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Author Notes:

Sylvia LaCourse, 325 9th Avenue, Box 359931, Seattle, WA 98104, sylvial2@uw.edu, (Tel) +1 206-616-5978, (Fax) +1 206-543-4818.

SML and PBP contributed equally to this work.

The authors wish to thank the parent PUSH study participants and their caregivers, without who this research would not be possible.

We thank the research administrative, clinical, and data teams for their dedication and support.

We thank members of the Kizazi Working Group, UW Global Center for Integrated Health of Women, Adolescents and Children (Global WACh), Dr. Grace John–Stewart’s pre/postdoctoral mentorship group, and Kenya Research & Training Center (KRTC) for their support during the preparation of this article.

The authors report no conflicts of interest.

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Research Funding:

This work was supported by the National Institute of Child Health and Human Development (NICHD), National Institute of Allergy and Infectious Diseases (NIAID), Fogarty International Center, and National Center For Advancing Translational Sciences at the National Institutes of Health (NIH) (R01 HD023412 and K24 HD054314-06 to GJS, K23 AI 120793-01 to SML, T32 AI007140 to PBP, K12 HD000850 to LMC, D43TW009783 to IN, and UL1TR000423 for REDCap), Firland Foundation (pilot award to JLW), University of Washington Center for AIDS Research (P30 AI027757), UW Global Center for Integrated Heath of Women, Adolescents and Children (Global WACh), and the Pediatric Scientist Development Program (PSDP) through grants from the American Pediatric Society and American Academy of Pediatrics (LMC).

Alere Determine™ TB LAM Ag kits were donated by Alere©.

Keywords:

  • Science & Technology
  • Life Sciences & Biomedicine
  • Immunology
  • Infectious Diseases
  • Virology
  • children
  • GeneXpert MTB/RIF
  • HIV
  • lipoarabinomannan
  • stool
  • tuberculosis
  • urine
  • CLINICAL CASE DEFINITIONS
  • PULMONARY TUBERCULOSIS
  • INTRATHORACIC TUBERCULOSIS
  • RAPID DIAGNOSIS
  • METAANALYSIS
  • ASSAY
  • CLASSIFICATION
  • PERFORMANCE
  • SETTINGS
  • ACCURACY

Stool Xpert MTB/RIF and urine lipoarabinomannan for the diagnosis of tuberculosis in hospitalized HIV-infected children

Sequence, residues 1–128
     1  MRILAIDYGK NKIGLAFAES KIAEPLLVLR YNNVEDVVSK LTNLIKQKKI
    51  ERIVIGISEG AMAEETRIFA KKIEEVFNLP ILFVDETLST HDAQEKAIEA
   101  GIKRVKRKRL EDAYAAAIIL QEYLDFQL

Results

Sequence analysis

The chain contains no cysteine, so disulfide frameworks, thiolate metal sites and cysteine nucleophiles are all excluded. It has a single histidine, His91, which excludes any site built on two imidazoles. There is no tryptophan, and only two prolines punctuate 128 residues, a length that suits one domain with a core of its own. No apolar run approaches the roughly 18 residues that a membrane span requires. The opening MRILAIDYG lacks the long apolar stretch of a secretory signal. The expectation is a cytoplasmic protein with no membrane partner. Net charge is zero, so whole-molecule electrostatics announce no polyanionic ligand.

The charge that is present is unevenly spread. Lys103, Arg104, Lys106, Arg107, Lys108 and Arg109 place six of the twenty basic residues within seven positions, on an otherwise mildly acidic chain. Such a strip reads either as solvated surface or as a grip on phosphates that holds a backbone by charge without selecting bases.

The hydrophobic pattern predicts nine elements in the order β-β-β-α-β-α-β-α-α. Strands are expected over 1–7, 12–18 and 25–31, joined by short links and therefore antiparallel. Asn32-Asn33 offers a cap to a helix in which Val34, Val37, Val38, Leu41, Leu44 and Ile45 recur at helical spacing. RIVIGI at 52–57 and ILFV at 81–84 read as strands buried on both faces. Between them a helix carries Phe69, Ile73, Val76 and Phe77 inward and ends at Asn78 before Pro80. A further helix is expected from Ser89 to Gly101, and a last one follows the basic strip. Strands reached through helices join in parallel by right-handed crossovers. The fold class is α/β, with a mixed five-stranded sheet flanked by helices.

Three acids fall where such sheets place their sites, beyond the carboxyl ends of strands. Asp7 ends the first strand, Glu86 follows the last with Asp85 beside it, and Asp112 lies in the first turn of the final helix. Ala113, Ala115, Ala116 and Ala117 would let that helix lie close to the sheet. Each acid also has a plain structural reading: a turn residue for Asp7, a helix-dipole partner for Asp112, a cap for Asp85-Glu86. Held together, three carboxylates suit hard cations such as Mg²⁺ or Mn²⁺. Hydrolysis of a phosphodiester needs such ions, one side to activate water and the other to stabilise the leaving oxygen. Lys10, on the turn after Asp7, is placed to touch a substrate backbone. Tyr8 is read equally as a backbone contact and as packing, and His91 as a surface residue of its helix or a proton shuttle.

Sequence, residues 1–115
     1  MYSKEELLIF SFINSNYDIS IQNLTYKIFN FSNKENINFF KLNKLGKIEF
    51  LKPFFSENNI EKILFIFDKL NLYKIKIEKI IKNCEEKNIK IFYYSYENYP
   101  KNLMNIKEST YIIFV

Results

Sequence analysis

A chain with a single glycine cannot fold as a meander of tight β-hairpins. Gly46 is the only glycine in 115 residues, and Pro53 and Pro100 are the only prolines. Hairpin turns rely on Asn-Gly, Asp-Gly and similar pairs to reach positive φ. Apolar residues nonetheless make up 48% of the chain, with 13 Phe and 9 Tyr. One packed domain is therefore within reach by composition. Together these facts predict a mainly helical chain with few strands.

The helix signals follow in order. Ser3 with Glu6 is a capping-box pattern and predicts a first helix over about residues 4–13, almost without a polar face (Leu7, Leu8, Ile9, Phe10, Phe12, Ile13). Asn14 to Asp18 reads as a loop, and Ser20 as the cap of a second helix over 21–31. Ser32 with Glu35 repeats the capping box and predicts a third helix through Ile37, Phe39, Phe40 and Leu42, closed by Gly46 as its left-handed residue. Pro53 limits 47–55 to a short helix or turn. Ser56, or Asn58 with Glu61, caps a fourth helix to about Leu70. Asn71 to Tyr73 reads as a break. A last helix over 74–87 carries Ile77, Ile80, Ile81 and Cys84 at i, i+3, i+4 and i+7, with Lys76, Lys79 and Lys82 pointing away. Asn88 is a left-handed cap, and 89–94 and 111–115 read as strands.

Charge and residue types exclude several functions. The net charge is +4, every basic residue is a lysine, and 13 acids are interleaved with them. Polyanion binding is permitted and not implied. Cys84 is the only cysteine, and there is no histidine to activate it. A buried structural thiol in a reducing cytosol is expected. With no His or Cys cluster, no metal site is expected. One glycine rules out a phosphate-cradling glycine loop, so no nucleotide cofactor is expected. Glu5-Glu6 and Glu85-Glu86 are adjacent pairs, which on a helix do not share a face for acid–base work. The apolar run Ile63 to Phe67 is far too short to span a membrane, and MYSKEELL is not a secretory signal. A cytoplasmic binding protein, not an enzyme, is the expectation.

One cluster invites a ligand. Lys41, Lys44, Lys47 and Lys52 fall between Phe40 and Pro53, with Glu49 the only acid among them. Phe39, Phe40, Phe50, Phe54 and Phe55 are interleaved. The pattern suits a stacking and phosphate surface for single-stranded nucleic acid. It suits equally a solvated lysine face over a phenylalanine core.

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Journal Title:

AIDS

Volume:

Volume 32, Number 1

Publisher:

, Pages 69-78

Type of Work:

Article | Post-print: After Peer Review

Abstract:

Background: Tuberculosis (TB) causes substantial morbidity and mortality in HIV-infected children. Sample collection and the paucibacillary nature of TB in children makes diagnosis challenging. Rapid diagnostic tools using easily obtained specimens are urgently needed. Methods: Hospitalized, HIV-infected children aged 12 years or less enrolled in a randomized controlled trial (NCT02063880) comparing urgent to post-stabilization antiretroviral therapy initiation in Kenya underwent TB evaluation. At enrollment, sputum or gastric aspirates were collected for TB culture and Xpert, stool for Xpert, and urine for lipoarabinomannan (LAM). When possible, a second sputum/gastric aspirate for culture was obtained. Stool Xpert and urine LAM performance were compared to reference sputum/gastric aspirate culture. Results: Among 165 HIV-infected children, median age was 24 months [interquartile range (IQR) 13-58], median CD4 + % was 14.3 (IQR 8.9-22.0%), and 114 (69.5%) had severe immunosuppression. Thirteen (7.9%) children had confirmed TB (positive culture and/or Xpert). Sputum/gastric aspirate Xpert, stool Xpert, and urine LAM sensitivities were 60% [95% confidence interval (CI) 26-88%], 63% (95% CI 25-92%), and 43% (95% CI 10-82%), respectively. Specificity was 98% (95% CI 94-100%) for sputum/gastric aspirate Xpert, 99% (95% CI 95-100%) for stool Xpert, and 91% (95% CI 84-95%) for urine LAM. Stool Xpert and urine LAM sensitivity increased among children with severe immunosuppression [80% (95% CI 28-100) and 60% (95% Cl 15-95%)]. Conclusion: Stool Xpert had similar performance compared with sputum/gastric aspirate Xpert to detect TB. Urine LAM had lower sensitivity and specificity, but increased among children with severe immunosuppression. Stool Xpert and urine LAM can aid rapid detection of TB in HIV-infected children using easily accessible samples.

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